“October results demonstrate that new vehicle sales are still being constrained by how many vehicles are delivered to dealerships each month. However, strong consumer demand and a lack of inventory is leading to record transaction prices and profit for each unit sold. Month-end inventory of vehicles on dealer lots is expected to remain below one million for the third consecutive month,” said Thomas King, president of the data and analytics division at J.D. Power.
Important Takeaways, Courtesy of J.D. Power:
- Buyers are on pace to spend $41.5 billion on new vehicles, down $2.2 billion from October 2020 but up $3.3 billion from October 2019.
- Truck/SUVs are on pace to account for a record high of 80.9% of new vehicle retail sales in October.
- The average new vehicle retail transaction price in October is expected to reach a record $43,999. The previous high for any month was $42,921, set in September 2021.
- Total retailer profit per unit – inclusive of grosses and finance & insurance income – is on pace to reach a record high of $5,129, an increase of $2,937 from a year ago and the first time above $5,000.
- Fleet sales are expected to total 142,000 units in October, a 15.2% year-over-year decline and 35.8% decrease from October 2019 (on a selling day adjusted basis). Fleet volume is expected to account for 13% of total light-vehicle sales, flat from 13% a year ago.
“Looking forward to November, the overall industry sales pace will continue to be constrained by procurement, production and distribution. Put simply, November sales will be determined by the number of vehicles shipped from plants and ports to dealerships, but all indications are that shipments will not rise materially. This means November will likely be another month of lower sales volumes offset by record prices and profitability,” King noted.
U.S. Used Market
Wholesale used vehicle prices (on a mix-, mileage- and seasonally adjusted basis) increased 9.2% month-over-month in October – bringing the Manheim Used Vehicle Value Index to 223.7, a 38.1% increase from a year ago.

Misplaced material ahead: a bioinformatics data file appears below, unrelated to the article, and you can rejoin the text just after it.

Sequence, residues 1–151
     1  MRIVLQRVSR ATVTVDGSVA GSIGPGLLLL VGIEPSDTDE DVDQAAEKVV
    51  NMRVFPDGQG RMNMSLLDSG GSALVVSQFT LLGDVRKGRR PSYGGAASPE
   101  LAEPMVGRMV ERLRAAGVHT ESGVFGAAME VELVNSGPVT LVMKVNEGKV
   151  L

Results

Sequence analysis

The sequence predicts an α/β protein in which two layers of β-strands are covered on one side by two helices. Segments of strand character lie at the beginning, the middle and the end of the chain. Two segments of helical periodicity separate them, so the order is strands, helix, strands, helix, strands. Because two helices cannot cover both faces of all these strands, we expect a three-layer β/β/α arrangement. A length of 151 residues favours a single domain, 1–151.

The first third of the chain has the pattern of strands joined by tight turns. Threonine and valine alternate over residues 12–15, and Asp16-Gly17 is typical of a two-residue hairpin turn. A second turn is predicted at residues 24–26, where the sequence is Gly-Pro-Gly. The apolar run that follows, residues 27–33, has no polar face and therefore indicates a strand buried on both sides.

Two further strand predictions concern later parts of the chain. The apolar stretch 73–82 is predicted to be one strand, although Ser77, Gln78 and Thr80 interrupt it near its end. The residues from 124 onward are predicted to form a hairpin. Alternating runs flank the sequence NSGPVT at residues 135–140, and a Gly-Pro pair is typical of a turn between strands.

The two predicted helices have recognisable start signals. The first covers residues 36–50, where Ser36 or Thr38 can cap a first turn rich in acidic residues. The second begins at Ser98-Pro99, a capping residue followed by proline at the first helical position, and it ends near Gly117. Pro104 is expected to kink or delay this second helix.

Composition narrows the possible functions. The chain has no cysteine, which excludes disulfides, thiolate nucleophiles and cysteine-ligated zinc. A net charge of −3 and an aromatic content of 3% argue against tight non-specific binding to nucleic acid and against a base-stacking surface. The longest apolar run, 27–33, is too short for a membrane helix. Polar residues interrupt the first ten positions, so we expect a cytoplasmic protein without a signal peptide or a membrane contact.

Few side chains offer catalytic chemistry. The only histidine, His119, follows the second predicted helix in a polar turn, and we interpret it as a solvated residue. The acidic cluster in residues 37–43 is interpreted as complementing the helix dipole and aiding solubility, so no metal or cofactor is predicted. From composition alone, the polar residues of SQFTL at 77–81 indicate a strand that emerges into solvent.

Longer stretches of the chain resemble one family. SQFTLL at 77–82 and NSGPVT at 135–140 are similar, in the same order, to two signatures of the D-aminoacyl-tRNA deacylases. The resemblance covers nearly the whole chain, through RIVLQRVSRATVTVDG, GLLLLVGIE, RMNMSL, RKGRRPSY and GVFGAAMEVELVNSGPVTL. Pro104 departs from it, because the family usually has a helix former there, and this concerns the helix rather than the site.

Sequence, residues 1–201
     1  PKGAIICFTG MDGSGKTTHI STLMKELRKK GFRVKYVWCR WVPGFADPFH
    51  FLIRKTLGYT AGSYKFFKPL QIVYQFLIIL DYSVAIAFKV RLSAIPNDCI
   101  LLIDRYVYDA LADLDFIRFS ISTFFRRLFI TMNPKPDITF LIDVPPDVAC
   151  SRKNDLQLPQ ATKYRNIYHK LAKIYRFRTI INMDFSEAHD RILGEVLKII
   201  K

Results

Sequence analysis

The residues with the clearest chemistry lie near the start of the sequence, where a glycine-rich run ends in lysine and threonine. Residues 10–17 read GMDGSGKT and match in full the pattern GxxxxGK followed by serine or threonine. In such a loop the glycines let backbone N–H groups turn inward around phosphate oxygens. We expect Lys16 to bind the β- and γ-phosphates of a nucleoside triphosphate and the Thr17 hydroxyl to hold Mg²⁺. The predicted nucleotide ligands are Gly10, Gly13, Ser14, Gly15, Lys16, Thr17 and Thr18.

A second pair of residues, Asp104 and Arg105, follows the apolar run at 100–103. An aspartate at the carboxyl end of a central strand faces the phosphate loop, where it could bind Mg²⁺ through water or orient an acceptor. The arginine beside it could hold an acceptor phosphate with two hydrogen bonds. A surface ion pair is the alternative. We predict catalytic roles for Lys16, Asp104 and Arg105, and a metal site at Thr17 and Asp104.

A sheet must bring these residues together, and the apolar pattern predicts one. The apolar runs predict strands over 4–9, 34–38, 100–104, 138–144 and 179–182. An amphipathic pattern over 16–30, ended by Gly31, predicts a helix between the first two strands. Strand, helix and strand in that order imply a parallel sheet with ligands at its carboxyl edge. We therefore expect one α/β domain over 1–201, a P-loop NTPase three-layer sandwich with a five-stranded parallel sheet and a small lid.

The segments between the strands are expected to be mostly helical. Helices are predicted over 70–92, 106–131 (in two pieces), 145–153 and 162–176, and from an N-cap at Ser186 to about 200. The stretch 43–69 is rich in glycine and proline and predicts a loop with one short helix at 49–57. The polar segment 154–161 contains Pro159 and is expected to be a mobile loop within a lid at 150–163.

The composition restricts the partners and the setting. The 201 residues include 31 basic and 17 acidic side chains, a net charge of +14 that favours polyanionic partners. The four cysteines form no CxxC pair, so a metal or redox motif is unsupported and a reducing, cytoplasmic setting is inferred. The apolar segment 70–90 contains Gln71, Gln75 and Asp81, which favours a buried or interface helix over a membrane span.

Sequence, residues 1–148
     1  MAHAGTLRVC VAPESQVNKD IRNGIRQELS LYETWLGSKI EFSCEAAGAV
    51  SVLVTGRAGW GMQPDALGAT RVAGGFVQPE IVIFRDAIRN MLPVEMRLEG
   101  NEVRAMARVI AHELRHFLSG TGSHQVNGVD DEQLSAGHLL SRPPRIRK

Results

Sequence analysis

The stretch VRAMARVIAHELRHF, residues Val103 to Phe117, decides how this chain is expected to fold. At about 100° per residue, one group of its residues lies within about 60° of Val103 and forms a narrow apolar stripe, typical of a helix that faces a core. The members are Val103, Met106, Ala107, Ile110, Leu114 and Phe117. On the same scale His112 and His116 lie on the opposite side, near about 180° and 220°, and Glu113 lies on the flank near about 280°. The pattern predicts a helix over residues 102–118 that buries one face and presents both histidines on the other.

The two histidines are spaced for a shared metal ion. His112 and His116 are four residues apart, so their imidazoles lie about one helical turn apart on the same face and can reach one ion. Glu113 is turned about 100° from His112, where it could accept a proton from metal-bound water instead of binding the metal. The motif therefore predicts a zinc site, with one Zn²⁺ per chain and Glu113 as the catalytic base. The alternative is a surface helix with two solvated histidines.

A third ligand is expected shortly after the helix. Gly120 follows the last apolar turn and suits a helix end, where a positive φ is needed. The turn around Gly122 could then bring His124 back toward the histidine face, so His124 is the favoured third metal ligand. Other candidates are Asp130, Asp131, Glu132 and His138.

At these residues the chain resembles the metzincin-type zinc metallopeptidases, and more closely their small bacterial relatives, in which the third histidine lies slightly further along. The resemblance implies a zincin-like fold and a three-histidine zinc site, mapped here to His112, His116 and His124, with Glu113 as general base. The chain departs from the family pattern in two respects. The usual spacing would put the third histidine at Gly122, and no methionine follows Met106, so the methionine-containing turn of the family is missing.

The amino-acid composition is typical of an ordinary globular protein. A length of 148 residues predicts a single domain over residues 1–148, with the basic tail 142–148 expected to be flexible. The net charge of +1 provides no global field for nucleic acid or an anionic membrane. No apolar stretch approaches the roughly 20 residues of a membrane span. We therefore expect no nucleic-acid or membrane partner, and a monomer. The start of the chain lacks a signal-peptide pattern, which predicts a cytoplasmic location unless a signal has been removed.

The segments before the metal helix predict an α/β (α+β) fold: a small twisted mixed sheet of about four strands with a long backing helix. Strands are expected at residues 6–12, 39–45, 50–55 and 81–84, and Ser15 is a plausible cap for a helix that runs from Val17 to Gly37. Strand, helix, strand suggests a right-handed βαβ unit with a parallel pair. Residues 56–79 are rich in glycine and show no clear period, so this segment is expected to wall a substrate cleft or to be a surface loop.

According to the most current data, Manheim Market Report (MMR) values saw weekly price increases accelerate and peak in mid-October.
All major market segments recorded year-over-year, seasonally adjusted price increases. Midsize cars and vans had the largest year-over-year performance, while the pickup and luxury car segments lagged the overall market, according to Manheim. On a month-over-month basis, no segment saw declines, while compact cars outpaced the market and remaining segments.
According to Cox Automotive estimates, total used vehicle sales were down 10% year-over-year in October. The used SAAR is estimated at 35.9 million, down from 39.9 million last October and flat compared to September’s 35.9 million SAAR. The October used retail SAAR estimate is 19.6 million, down from 21.1 million last year and flat month-over-month.
“The used-vehicle market continues to buck historic seasonal trends and exhibit great strength as the industry moves deeper into the fall selling months. Wholesale prices are expected to close out October up by more than 4%, on average, and this will mark the first-time used prices have increased for the period in the last 25-plus years. The importance of used vehicles continues to progress as both dealers and consumers alike turn to pre-owned to help fill in the gaps created by current new-vehicle production and distribution constraints. Moving into November, expect used prices to remain near all-time highs as competition in the wholesale marketplace remains fierce due to lower levels of available units flowing through auction lanes and industry challenges remain in place.” – Jonathan Banks, vice president of Valuations Services